And that’s the easy part. Once you get the boxes home, don’t expect to actually have a bed to sleep on for a couple more days. Because what you just got a killer deal on is actually planks of wood with pre-cut holes in them. You thought you got a bed for $200 but you were wrong. You got boards painted white and a little picture book of how to turn these sliced up trees into furniture.

I don’t think this would fly in any other industry but somehow IKEA gets away with it.  My dad is a homebuilder, and if he sold his customers pre-cut wooden boards, some loose tiles for the roof, and some screws, and handed them a little booklet that illustrated–with pictures, no words–how to put the house together, he would be able to give them the “house” for much less too. He could probably cut the price in half! But his customers would most likely be crushed in their sleep by the materials he sold them.

My couch lasted three months before the back started caving in. Now whenever someone leans too hard on the back of my couch (you know, like sitting) I have to pull it out from the wall and push the back end back up. My dresser (pictured above) has six drawers and five are still attached and three are still fully attached on both sides. It constantly looks like a robbery just took place in my room even if it is otherwise completely neat.

Unfortunately, for many New Yorkers who do not want to invest too much into their apartments, IKEA looks like the best option. There are two Kmarts in the city but they have a sparse selection of furnishings and they haven’t gotten the trendy thing down like IKEA has. And New Yorkers still have to survive with out the cheap and chic Target. Even though my $700 worth of forest materials turned furniture have less function and absolutely no resale value, I can see why it is so tempting to just go back and buy more low quality furnishings there. I would just stay away from anything that has potential to kill you while in use, like bunk beds.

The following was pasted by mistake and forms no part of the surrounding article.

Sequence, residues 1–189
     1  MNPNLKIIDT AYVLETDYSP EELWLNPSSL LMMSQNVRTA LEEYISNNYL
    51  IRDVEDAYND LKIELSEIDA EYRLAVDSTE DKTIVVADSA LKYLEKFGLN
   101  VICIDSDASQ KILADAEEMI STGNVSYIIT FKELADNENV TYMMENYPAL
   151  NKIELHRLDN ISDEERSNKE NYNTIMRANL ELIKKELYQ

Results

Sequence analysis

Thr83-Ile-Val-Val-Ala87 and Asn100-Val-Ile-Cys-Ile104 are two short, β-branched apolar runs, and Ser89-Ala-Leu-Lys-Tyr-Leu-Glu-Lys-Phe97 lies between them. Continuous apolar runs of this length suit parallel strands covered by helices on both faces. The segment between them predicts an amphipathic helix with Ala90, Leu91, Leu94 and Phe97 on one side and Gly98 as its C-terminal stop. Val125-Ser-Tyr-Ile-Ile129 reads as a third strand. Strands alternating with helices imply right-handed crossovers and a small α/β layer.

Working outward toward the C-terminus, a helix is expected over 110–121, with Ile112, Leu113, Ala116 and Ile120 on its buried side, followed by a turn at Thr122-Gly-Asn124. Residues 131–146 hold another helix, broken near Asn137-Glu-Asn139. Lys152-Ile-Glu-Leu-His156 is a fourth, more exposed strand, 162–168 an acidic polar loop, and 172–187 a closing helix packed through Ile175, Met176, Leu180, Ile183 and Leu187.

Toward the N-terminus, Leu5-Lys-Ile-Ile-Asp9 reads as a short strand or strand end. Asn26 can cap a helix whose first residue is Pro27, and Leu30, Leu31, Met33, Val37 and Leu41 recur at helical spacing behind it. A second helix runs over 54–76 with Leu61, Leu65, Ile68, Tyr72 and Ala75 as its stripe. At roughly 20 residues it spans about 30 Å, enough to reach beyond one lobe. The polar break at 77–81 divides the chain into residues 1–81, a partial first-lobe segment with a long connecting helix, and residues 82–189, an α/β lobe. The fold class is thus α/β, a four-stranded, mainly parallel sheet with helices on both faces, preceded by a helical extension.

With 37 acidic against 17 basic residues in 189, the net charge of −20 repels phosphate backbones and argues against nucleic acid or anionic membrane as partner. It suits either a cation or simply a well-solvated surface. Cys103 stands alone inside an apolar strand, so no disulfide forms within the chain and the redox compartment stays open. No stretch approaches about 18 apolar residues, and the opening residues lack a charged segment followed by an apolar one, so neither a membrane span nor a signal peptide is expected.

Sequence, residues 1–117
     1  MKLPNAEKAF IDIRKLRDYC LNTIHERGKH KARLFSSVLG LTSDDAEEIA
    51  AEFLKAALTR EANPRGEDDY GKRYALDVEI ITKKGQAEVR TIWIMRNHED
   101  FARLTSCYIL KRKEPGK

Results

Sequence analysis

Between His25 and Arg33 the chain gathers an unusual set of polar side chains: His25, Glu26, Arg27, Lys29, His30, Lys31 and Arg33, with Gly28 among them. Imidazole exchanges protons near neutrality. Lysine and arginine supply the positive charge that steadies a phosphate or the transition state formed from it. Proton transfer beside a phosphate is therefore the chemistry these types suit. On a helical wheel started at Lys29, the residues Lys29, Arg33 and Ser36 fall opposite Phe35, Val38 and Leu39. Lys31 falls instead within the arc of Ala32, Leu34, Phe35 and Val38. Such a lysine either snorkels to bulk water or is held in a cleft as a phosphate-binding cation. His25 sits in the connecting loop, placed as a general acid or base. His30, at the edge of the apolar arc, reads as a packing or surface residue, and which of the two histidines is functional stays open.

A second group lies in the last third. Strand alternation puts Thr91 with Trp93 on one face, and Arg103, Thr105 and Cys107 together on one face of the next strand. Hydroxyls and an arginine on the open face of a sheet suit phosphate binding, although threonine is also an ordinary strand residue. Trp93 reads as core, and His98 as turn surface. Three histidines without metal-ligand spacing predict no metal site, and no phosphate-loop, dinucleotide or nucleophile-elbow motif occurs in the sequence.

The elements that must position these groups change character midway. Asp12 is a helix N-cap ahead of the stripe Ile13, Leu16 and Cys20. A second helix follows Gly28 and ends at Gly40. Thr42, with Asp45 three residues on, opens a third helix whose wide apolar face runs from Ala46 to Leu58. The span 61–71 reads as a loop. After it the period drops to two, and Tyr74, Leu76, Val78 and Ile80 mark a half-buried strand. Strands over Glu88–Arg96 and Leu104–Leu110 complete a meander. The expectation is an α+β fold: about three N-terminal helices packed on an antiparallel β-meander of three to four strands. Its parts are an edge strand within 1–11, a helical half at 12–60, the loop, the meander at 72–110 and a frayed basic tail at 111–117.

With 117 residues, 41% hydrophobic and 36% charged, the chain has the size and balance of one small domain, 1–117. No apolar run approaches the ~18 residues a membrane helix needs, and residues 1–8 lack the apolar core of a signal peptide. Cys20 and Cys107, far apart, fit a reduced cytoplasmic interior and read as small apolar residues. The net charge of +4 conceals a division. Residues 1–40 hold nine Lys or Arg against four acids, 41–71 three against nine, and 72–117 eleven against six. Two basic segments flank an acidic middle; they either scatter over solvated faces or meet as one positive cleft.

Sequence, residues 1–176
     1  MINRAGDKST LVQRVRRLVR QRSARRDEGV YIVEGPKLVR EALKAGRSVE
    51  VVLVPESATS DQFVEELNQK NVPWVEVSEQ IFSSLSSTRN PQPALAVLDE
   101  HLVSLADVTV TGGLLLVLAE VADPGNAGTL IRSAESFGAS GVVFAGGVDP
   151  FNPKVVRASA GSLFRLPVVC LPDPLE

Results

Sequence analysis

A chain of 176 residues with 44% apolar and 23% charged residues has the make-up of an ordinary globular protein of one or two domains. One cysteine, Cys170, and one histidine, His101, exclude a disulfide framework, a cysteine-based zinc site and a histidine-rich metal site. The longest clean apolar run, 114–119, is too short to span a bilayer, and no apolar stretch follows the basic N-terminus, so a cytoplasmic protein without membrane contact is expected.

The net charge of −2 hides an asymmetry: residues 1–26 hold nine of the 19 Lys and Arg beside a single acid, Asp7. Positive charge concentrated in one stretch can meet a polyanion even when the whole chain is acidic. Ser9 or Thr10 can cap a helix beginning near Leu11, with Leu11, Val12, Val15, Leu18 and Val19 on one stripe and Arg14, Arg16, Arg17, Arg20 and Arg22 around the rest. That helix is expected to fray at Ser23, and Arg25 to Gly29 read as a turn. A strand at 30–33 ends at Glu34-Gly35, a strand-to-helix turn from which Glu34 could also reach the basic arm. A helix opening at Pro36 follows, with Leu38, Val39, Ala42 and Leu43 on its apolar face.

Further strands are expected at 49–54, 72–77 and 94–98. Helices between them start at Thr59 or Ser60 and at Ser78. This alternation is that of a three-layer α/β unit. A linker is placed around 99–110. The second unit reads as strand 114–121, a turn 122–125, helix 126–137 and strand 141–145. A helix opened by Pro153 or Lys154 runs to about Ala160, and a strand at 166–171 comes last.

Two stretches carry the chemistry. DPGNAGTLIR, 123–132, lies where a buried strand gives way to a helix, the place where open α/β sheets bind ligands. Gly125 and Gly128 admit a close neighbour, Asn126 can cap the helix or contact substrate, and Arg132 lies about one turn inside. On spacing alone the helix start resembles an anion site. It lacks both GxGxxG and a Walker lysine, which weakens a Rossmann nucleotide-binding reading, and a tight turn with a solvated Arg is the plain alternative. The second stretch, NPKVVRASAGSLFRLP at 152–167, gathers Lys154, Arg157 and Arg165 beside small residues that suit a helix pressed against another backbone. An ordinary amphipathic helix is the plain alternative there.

The Day the Sun Won

June 18, 2008

Last week, during the second day of the crippling New York City heat wave that inspired this post I think the sun managed to singe my brain because I was getting a little bit loopy. Since I moved into my apartment just last September, I only had to suffer through a few weeks of the smelly New York summer before October came around, allowing me to open my windows and let the cool air flow in. Being a Florida girl, I knew very little about these things they call window units (I think that’s the technical term) and had never even seen one until I caught a Law and Order rerun that centered around a little girl who was crushed by a falling unit. So I didn’t have a very positive or clear image of window units, nor had I ever needed one until now.

I survived day one of the heat wave by alternating between my neighborhood coffee shop and my room, where I sat propped up in my bed with my tiny fan blowing directly at my face. I briefly wondered if my pose might be reminiscent of a supermodel’s but then the sweat started pouring defiantly down my face and my hair blew back and wound itself into one big rat’s nest. Thank god I’m not in a profession that requires any sort of attractiveness.

Day two I awoke at five that morning because even at that hour, my apartment was already baking in the 90 degree heat. My survival skills told me I had to take a cold shower and get somewhere that had air and a plethora of outlets to feed my computer.

sunny ny

Sometime after my third soy latte (Woody Harrelson convinced me to stop eating dairy, but that’s a story for another time) the rumbling air conditioner that had been keeping my little coffee shop cool and dry seemed to suddenly pause to consider the odds of fighting against this incredible weather, and just like that, it gave up. The brief sputtering that gave way to silence should’ve been my cue to relocate, but I continued on, happily puttering away on my computer, oblivious to the heat that was moving in. Three hours later, the caffeine wore off and I was hot and incredibly grumpy. I get kind of feisty when I’m in a bad mood (also when I’m drunk) so I decided I was going to stop hiding from the weather and embrace the beautiful sunshine: a sort of valint challenge to the sun.

I packed up my computer and headed over to Central Park. The four avenue walk seemed to take forever and my tank top was sticking to my back by the time I made it to Sheep’s Meadow, which was completely desolate compared to the last time I was there on Memorial Day. But the fact that this field, which was usually bustling with sun bathers, Frisbee throwers, and illegal beer vendors selling Milwaukee’s Best for $5 a can, was still and quiet, did not deter me. I pulled out my bottle of baby oil (again, I’m from Florida), took off my shirt (I had on a sports bra) and took a nap. It was almost four by the time I got to the park so I figured I couldn’t get in too much tanning trouble.